Hundreds of pesticides on the market, including diazinon and captan, were introduced in the 1960s and 1970s and have not been formally re-evaluated, even though our knowledge of the impacts of toxic chemicals on humans and the environment has changed significantly.
The truly shocking news is that as many as 80,000 different chemicals have been introduced into the world environment and only a handful have been evaluated for their effect on humans. Many -- including atrazine -- are still being studied. That is why the Standing Committee on Environment and Sustainable Development urged a precautionary approach in the decision-making process about pesticide use. In its May 2000 report "Pesticides: Making the Right Choice for the Protection of Health and the Environment" (http://www.parl.gc.ca/InfoComDoc/36/2/ENVI/Studies/Reports/envi01/04-toc-e.html), the committee said "The lack of scientific certainty should not be allowed to impede effective action to protect human health and the environment against actual or suspected harm caused by pesticides. It is, therefore, imperative that the new Act embrace a precautionary approach in all aspects of decision-making." The report defines the precautionary principle, as it applies to pesticides, this way "Appropriate preventive measures are to be taken where there is reason to believe that a pesticide is likely to cause harm, even when there is no conclusive evidence to prove a causal relation between the pesticide and its effects."
Rather than embracing the precautionary principle, Canada's new Pest Control Products Act relegates it to an obscure section on pesticide re-evaluation. According to testimony from federal officials at the recent parliamentary committee hearing, the government's excuse is that it already uses the ultimate precautionary approach in its pesticide system so there was no need to put it in the act. The officials argued that enshrining the principle throughout the act would actually lower the standard of care they currently use in approving pesticides.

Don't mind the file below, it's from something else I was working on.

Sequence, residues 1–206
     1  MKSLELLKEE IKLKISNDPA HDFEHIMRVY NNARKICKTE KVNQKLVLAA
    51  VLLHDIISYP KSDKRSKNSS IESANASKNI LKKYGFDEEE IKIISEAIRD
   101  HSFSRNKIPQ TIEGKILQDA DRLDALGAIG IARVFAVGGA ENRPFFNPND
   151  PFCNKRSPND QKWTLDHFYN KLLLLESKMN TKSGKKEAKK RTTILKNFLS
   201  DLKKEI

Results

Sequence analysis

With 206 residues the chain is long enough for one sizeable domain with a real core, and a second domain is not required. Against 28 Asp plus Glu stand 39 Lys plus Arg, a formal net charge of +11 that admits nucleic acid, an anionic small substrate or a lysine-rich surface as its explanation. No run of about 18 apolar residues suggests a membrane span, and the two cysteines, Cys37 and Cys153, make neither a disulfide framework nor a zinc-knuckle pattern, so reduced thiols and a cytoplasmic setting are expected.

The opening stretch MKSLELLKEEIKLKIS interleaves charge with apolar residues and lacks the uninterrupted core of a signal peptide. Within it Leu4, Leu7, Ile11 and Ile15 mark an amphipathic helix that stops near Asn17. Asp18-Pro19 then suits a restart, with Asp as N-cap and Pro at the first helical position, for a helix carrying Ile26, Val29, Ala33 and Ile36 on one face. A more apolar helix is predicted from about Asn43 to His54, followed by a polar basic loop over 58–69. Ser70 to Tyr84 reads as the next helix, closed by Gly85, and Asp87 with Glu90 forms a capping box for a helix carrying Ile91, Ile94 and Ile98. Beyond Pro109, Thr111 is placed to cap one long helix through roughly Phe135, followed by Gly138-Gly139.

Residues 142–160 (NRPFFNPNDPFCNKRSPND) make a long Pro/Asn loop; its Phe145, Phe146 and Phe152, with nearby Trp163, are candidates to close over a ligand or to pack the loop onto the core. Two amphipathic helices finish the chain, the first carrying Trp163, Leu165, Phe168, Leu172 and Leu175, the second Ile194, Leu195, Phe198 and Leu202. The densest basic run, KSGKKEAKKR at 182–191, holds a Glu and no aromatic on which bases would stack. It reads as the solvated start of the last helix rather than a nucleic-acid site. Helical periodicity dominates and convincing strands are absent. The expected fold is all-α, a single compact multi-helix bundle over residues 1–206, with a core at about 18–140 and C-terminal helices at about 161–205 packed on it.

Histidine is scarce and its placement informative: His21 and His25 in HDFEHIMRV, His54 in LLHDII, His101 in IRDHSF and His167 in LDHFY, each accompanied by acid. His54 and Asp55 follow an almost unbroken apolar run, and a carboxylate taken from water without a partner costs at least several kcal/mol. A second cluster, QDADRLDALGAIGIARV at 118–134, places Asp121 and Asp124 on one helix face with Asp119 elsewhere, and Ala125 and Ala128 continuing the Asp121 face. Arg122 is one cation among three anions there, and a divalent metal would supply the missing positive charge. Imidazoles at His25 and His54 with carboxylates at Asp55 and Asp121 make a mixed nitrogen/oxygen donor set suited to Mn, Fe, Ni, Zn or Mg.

Next time, I'll report on the evidence of harm caused by pesticides, offer some alternatives to these dangerous chemicals, and relate how some communities are becoming proactive about pesticides.
RESOURCES - If you wish to write to Health Minister Anne McLellan about Bill C-53, there is a form on http://www.hc-sc.gc.ca/english/media/minister/write.html. A copy of the bill as amended from committee stage June 3 is available at www.parl.gc.ca/37/1/parlbus/chambus/house/bills/government/C-53/C-53_2/C-53TOCE.html. The Canadian Public Health Association position paper on Bill C-53 is at http://www.cpha.ca/english/policy/briefs/bill_c53/billc53.pdf. The Canadian Environmental Law Association briefing note on C-53 is at http://www.cela.ca/toxics/C-53briefingnote.pdf. Pollution Probe's comment on C-53 is at www.pollutionprobe.org/Reports/billc53.pdf. All three of these groups presented their comments to the Standing Committee on Health and urged the inclusion of the precautionary principle in the bill. The Canadian Bar Association letter commenting on C-53 and urging more accountability and public consultation options in the bill is at http://www.cba.org/pdf/pestcontrol.pdf. The CropLife Canada (representing the manufacturers, developers and distributors of pesticides) and Urban Pest Management Council of Canada (representing manufacturers of lawn and garden products) position on C-53 is at www.croplife.ca/english/pdf/committee_statement_pcp_act_20020423.pdf. Both these groups endorsed the bill as is and neither recommended the precautionary principle. Questions and answers about the proposed new Pest Control Products act can be found at http://www.hc-sc.gc.ca/english/media/releases/2002/2002_17bk3.htm. An October 2001 fact sheet on the regulation of pesticides in Canada produced by the Pest Management Regulatory Agency is at www.hc-sc.gc.ca/pmra-arla/english/pdf/fact/fs_pestreg-e.pdf. The agency's web site is www.hc-sc.gc.ca/pmra-arla/. The Campaign for Pesticide Reduction (CPR) is a Canada-wide coalition of health professionals, environmental organizations, labour groups, farmersí associations, academics and activists concerned with pesticide use. The Steering Committee includes the Canadian Environmental Law Association, the Toronto Environmental Alliance, World Wildlife Fund, the Canadian Labour Congress, the Coalition for Alternatives to Pesticides, the Canadian Association of Physicians for the Environment, and the Sierra Club of Canada. CPR's position on C-53 as well as a backgrounder with their suggested changes to the bill is at www.sierraclub.ca/national/media/pesticide-act-02-03-21.html. First published in 1996, a second edition of John Wargo's book was issued by Yale University Press in 1998.
Michael Jessen is a Nelson-based consultant helping businesses and communities profit from environmental leadership. He can be reached at 250-229-5632 or by e-mail at Michael@zerowaste.ca. His firm -- Zero Waste Services -- has an award-winning web site at www.zerowaste.ca.